• Categorised a large number of packages and issues in the Reproducible Builds "notes" repository.
  • Worked on publishing our weekly reports. (#114 #115, #116 & #117)

I also made the following changes to our tooling:


diffoscope is our in-depth and content-aware diff utility that can locate and diagnose reproducibility issues.

  • comparators.xml:
    • Fix EPUB "missing file" tests; they ship a META-INF/container.xml file. []
    • Misc style fixups. []
  • APK files can also be identified as "DOS/MBR boot sector". (#868486)
  • comparators.sqlite: Simplify file detection by rewriting manual recognizes call with a Sqlite3Database.RE_FILE_TYPE definition. []
    • Revert the removal of a try-except. (#868534)
    • Tidy module. []


strip-nondeterminism is our tool to remove specific non-deterministic results from a completed build.

  • Add missing File::Temp imports in the JAR and PNG handlers. This appears to have been exposed by lazily-loading handlers in #867982. (#868077) is my experiment into how to process, store and distribute .buildinfo files after the Debian archive software has processed them.

  • Avoid a race condition between check-and-creation of Buildinfo instances. []


My activities as the current Debian Project Leader are covered in my "Bits from the DPL emails to the debian-devel-announce mailing list.

Patches contributed
  • obs-studio: Remove annoying "click wrapper" on first startup. (#867756)
  • vim: Syntax highlighting for debian/copyright files. (#869965)
  • moin: Incorrect timezone offset applied due to "84600" typo. (#868463)
  • ssss: Add a simple autopkgtest. (#869645)
  • dch: Please bump $latest_bpo_dist to current stable release. (#867662)
  • python-kaitaistruct: Remove Markdown and homepage references from package long descriptions. (#869265)
  • album-data: Correct invalid Vcs-Git URI. (#869822)
  • pytest-sourceorder: Update Homepage field. (#869125)

I also made a very large number of contributions to the Lintian static analysis tool. To avoid duplication here, I have outlined them in a separate post.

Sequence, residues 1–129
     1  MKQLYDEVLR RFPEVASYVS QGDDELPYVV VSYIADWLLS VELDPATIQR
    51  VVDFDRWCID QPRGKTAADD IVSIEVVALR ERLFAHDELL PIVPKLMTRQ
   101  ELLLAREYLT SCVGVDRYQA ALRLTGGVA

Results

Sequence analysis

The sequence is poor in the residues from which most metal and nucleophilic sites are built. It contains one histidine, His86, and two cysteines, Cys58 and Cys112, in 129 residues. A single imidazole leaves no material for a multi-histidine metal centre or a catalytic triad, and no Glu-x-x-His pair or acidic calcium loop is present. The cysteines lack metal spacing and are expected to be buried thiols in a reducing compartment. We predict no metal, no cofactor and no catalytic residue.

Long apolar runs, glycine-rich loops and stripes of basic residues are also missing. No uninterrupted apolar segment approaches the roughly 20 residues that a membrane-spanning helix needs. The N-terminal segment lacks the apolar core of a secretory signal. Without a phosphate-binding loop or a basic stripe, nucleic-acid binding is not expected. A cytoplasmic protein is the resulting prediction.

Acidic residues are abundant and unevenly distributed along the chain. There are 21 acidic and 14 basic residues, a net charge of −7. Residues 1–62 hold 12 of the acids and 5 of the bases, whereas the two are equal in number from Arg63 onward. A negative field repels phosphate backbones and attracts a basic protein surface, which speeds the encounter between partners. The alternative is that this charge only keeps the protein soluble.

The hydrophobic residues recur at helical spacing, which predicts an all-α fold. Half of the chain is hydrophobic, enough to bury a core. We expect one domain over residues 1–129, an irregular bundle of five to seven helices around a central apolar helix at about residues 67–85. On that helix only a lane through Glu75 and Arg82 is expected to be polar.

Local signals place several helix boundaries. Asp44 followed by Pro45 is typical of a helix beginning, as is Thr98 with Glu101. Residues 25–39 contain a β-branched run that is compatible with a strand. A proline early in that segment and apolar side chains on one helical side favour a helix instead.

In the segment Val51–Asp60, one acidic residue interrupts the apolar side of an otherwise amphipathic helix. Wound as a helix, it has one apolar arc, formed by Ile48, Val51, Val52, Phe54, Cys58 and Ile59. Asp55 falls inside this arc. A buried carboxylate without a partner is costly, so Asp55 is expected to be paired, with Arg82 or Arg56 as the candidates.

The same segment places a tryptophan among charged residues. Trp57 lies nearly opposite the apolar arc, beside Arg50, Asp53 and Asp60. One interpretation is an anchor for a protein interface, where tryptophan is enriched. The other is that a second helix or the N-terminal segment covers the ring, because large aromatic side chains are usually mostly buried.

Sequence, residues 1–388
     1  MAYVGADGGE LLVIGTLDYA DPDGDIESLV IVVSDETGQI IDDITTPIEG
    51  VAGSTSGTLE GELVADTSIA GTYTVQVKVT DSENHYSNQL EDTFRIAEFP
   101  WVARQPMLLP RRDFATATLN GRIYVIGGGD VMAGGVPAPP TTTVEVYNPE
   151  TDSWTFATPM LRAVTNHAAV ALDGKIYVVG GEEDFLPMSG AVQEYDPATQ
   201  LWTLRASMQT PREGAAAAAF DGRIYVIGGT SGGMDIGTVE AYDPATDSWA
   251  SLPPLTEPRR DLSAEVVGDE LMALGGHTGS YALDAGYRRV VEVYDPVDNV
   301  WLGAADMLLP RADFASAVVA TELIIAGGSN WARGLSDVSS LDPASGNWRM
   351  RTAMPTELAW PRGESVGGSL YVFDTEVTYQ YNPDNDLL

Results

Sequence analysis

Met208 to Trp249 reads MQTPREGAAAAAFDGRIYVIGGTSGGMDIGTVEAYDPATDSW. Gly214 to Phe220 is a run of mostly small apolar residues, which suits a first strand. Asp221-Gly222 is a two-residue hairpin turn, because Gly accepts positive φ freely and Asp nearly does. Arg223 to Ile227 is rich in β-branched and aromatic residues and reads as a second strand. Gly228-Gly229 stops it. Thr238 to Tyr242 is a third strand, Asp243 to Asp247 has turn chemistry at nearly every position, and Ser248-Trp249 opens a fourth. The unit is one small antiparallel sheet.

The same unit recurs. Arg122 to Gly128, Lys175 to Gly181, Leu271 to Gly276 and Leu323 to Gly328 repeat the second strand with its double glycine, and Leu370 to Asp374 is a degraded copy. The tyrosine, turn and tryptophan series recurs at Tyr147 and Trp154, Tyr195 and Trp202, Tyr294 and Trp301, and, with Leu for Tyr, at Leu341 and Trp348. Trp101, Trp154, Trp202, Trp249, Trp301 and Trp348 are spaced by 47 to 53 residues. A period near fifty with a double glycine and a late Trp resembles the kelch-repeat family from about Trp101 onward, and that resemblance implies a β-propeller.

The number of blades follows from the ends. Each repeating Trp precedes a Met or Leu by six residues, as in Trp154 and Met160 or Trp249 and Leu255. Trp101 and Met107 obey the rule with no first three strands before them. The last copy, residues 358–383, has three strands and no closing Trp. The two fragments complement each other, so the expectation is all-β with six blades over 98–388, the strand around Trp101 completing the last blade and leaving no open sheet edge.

Debian LTS

This month I have been paid to work 18 hours on Debian Long Term Support (LTS). In that time I did the following:

  • "Frontdesk" duties, triaging CVEs, etc.
  • Issued DLA 1014-1 for libclamunrar, a library to add unrar support to the Clam anti-virus software to fix an arbitrary code execution vulnerability.
  • Issued DLA 1015-1 for the libgcrypt11 crypto library to fix a "sliding windows" information leak.
  • Issued DLA 1016-1 for radare2 (a reverse-engineering framework) to prevent a remote denial-of-service attack.
  • Issued DLA 1017-1 to fix a heap-based buffer over-read in the mpg123 audio library.
  • Issued DLA 1018-1 for the sqlite3 database engine to prevent a vulnerability that could be exploited via a specially-crafted database file.
  • Issued DLA 1019-1 to patch a cross-site scripting (XSS) exploit in phpldapadmin, a web-based interface for administering LDAP servers.
  • Issued DLA 1024-1 to prevent an information leak in nginx via a specially-crafted HTTP range.
  • Issued DLA 1028-1 for apache2 to prevent the leakage of potentially confidential information via providing Authorization Digest headers.
  • Issued DLA 1033-1 for the memcached in-memory object caching server to prevent a remote denial-of-service attack.
  • redis:
    • 4:4.0.0-1 — Upload new major upstream release to unstable.
    • 4:4.0.0-2 — Make /usr/bin/redis-server in the primary package a symlink to /usr/bin/redis-check-rdb in the redis-tools package to prevent duplicate debug symbols that result in a package file collision. (#868551)
    • 4:4.0.0-3 — Add -latomic to LDFLAGS to avoid a FTBFS on the mips & mipsel architectures.
    • 4:4.0.1-1 — New upstream version. Install 00-RELEASENOTES as the upstream changelog.
    • 4:4.0.1-2 — Skip non-deterministic tests that rely on timing. (#857855)
  • python-django:
    • 1:1.11.3-1 — New upstream bugfix release. Check DEB_BUILD_PROFILES consistently, not DEB_BUILD_OPTIONS.
  • bfs:
    • 1.0.2-2 & 1.0.2-3 — Use help2man to generate a manpage.
    • 1.0.2-4 — Set hardening=+all for bindnow, etc.
    • 1.0.2-5 & 1.0.2-6 — Don't use upstream's release target as it overrides our CFLAGS & install as the upstream changelog.
    • 1.1-1 — New upstream release.
  • libfiu:
    • 0.95-4 — Apply patch from Steve Langasek to fix autopkgtests. (#869709)
  • python-daiquiri:
    • 1.0.1-1 — Initial upload. (ITP)
    • 1.1.0-1 — New upstream release.
    • 1.1.0-2 — Tidy package long description.
    • 1.2.1-1 — New upstream release.

I also reviewed and sponsored the uploads of gtts-token 1.1.1-1 and nlopt 2.4.2+dfsg-3.

Debian bugs filed
  • ITP: python-daiquiri — Python library to easily setup basic logging functionality. (#867322)
  • twittering-mode: Correct incorrect time formatting due to "84600" typo. (#868479)
FTP Team